6 February 2013

Nigeria: A Monument to Profligacy


The African First Ladies Peace Centre that began last year as an outlandish joke appears to be taking the shape of a huge financial strain on the resources for the federal government.

The centre was conceived when Nigeria's first lady, Dame Patience Jonathan hosted a meeting of the Africa First Ladies Summit in the capital. She was elected its president.

That event itself was not without controversy, given the fat bill that the government had to foot after the guests had departed.

Eyebrows were raised and questions asked at the time about the relevance and propriety of committing public money to erect headquarters for what essentially is an amorphous, voluntary and impermanent organisation such as the First Ladies Peace Mission.

"We have demonstrated that we are committed to achieving lasting peace in our continent. We shall build a befitting structure for our mission', Mrs Jonathan said at ceremonies to mark the foundation laying for the proposed centre.

Moreover, the choice of location happened to be the site for the Women and Youth Empowerment Foundation (WAYEF), incorporating perhaps a worthier cause, the National Cancer Centre, of Mrs Jonathan's predecessor, Mrs Turai Yar'Adua.

Theirs is no gainsaying the need to address the many challenges that bedevil the African continent. And there are several continent-wide and regional organisations that have committed to meeting them. The African Union (AU) and the Economic Commission for West Africa (ECOWAS), among others, have well-staffed departments that are structured to tackle such issues.

If African first ladies have a role to play in such intricate missions as peacemaking, it should be within the frameworks of such international organisations, and not by creating new bureaucratic institutions that serve no useful purpose but feed the egos of those who propel them, at great public expense. Mrs Jonathan has just been elected to a second term as president of the African First Ladies Peace Mission (AFLPM).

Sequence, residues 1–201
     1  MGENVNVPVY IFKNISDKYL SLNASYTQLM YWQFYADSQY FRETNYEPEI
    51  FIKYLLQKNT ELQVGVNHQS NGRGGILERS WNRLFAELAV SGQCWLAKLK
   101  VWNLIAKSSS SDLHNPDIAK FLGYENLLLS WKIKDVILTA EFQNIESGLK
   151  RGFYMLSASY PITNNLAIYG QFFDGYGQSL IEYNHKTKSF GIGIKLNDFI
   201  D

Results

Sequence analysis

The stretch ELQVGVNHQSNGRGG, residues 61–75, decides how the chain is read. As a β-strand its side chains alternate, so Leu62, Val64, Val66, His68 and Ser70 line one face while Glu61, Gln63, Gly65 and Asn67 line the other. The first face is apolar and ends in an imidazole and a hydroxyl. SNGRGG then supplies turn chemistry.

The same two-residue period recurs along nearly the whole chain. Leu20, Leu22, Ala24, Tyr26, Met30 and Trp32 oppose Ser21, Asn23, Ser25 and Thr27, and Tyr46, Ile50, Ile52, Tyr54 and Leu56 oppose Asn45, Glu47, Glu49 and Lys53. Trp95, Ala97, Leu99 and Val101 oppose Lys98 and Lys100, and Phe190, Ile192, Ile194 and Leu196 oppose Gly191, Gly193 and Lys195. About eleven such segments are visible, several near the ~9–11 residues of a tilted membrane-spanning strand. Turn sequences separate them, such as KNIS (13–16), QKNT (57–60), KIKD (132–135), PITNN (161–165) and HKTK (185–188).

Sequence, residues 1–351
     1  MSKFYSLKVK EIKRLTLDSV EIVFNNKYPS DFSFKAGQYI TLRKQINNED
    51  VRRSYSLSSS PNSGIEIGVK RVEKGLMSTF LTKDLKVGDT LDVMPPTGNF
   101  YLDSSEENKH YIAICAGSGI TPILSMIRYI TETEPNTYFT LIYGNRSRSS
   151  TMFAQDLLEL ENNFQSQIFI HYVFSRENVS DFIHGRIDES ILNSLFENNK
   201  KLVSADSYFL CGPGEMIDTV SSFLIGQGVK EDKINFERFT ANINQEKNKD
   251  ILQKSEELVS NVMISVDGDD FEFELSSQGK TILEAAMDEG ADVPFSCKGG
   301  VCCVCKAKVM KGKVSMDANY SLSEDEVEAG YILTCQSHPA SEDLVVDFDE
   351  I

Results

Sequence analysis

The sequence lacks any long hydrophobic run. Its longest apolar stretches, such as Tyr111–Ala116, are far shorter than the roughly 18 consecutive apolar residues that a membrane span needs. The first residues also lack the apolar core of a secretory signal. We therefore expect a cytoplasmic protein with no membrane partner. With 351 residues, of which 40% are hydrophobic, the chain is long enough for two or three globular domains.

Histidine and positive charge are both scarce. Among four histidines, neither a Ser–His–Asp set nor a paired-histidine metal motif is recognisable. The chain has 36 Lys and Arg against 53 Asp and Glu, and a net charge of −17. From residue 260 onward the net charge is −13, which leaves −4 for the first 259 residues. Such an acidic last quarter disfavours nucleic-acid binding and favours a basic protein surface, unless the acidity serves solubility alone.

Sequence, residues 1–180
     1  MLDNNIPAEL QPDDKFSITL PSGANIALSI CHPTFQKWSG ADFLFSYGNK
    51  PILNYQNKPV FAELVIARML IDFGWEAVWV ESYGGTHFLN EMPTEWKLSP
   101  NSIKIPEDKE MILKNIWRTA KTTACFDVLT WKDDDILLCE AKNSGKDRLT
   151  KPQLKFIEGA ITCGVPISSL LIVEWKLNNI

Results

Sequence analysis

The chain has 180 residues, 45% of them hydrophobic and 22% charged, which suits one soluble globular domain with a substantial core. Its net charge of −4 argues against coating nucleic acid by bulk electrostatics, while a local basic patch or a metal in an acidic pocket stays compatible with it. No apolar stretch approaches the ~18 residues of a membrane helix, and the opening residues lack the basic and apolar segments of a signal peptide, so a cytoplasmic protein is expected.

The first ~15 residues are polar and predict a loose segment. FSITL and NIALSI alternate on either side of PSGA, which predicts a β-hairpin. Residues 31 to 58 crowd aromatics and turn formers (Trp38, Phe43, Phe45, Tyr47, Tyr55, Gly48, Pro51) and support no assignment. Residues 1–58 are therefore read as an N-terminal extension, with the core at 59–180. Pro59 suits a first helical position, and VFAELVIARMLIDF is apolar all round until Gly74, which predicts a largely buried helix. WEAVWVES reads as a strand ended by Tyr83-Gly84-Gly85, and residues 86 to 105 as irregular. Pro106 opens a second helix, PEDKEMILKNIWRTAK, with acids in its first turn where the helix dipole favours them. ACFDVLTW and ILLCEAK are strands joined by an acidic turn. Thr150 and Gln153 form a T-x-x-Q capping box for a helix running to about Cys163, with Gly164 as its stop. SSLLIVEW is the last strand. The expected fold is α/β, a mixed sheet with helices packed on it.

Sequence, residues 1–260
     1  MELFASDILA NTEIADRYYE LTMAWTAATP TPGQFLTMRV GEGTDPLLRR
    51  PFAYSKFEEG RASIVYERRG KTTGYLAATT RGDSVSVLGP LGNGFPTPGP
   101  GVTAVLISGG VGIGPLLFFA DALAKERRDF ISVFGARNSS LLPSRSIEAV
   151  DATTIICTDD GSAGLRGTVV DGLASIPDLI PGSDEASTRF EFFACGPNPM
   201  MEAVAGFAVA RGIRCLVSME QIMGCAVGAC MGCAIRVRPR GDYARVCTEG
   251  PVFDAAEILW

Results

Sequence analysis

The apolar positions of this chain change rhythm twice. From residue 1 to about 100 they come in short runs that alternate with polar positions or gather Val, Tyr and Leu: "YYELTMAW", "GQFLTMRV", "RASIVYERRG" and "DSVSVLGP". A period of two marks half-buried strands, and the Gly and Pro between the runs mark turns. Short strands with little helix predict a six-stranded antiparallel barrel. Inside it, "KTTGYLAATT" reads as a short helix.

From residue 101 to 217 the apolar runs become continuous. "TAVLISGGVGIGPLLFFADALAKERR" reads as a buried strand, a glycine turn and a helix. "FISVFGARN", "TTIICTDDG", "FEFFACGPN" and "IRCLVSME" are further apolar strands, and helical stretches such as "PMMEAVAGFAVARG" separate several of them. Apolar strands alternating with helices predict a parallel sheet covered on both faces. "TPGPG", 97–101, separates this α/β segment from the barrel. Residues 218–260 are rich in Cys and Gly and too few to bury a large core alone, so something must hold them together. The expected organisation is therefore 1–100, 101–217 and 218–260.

The outrage that greeted the announcement that the federal government had set aside four billion naira to construct the First Ladies Abuja centre was expected. But this has not swayed the authorities to rethink the project.

In fact, the Minister of the Federal Capital Territory (FCT), Alhaji Bala Mohammed, was forced to defend the four billion naira that he said had been budgeted for the project. He said in a statement made on his behalf by a spokesperson that the money was already captured in the 2013 budget of the ministry of FCT.

Justifying the expenditure, Mohammed said that in 1996, the AFLPM had been involved in debating what he called 'issues of great relevance' to African women, children and youth and challenges of social injustice.

He said that as part of its obligation to live up to its international responsibilities, Nigeria accommodated some international organisation, like the rest of the world. The cost to the government of renting accommodation for such organisations, he said, was over N1 billion a year, and remarked that the proposed headquarters building was an opportunity to save cost by using the AFLPM building to serve multiple roles in providing office accommodation, as well as housing, not just the African First Ladies Peace Mission but to other international bodies as well.

But the fact remains that the minister's rather lengthy and convoluted explanation has done little to address the basic question why the government considered the project a priority one at this moment, in the face other challenges that the country confronts-collapsing infrastructure, restive workers, insecurity, and seemed to be surprised that people should query the authority of the government to embark on the project. That is beside the questionable utility of the AFLPM.

There is a predilection on the part of this government to neglect serious and urgent national issues, and to dwell instead on the expensive and wasteful indulgencies of its top functionaries; indulgencies that add little or no value to the quality of life of the ordinary citizen. The first ladies peace mission centre is one of them. The government has no business using public money to fund its capital projects.

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